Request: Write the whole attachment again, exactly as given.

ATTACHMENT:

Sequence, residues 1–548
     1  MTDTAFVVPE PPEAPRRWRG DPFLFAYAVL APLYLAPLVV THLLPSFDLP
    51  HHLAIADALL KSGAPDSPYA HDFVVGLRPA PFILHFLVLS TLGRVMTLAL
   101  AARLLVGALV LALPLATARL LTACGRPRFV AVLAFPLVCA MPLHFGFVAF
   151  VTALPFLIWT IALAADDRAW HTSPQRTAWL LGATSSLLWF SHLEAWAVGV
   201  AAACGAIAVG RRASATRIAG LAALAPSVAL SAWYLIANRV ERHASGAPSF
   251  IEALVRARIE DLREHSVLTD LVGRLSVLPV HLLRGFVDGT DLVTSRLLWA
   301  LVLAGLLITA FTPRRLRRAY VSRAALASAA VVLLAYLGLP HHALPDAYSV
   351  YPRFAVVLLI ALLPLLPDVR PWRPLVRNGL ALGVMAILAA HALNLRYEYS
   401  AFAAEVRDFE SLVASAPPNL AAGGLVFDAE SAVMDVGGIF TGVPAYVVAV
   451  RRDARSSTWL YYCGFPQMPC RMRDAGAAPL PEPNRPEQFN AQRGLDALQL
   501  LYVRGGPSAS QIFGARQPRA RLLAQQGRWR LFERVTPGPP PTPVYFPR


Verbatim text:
Sequence, residues 1–548
     1  MTDTAFVVPE PPEAPRRWRG DPFLFAYAVL APLYLAPLVV THLLPSFDLP
    51  HHLAIADALL KSGAPDSPYA HDFVVGLRPA PFILHFLVLS TLGRVMTLAL
   101  AARLLVGALV LALPLATARL LTACGRPRFV AVLAFPLVCA MPLHFGFVAF
   151  VTALPFLIWT IALAADDRAW HTSPQRTAWL LGATSSLLWF SHLEAWAVGV
   201  AAACGAIAVG RRASATRIAG LAALAPSVAL SAWYLIANRV ERHASGAPSF
   251  IEALVRARIE DLREHSVLTD LVGRLSVLPV HLLRGFVDGT DLVTSRLLWA
   301  LVLAGLLITA FTPRRLRRAY VSRAALASAA VVLLAYLGLP HHALPDAYSV
   351  YPRFAVVLLI ALLPLLPDVR PWRPLVRNGL ALGVMAILAA HALNLRYEYS
   401  AFAAEVRDFE SLVASAPPNL AAGGLVFDAE SAVMDVGGIF TGVPAYVVAV
   451  RRDARSSTWL YYCGFPQMPC RMRDAGAAPL PEPNRPEQFN AQRGLDALQL
   501  LYVRGGPSAS QIFGARQPRA RLLAQQGRWR LFERVTPGPP PTPVYFPR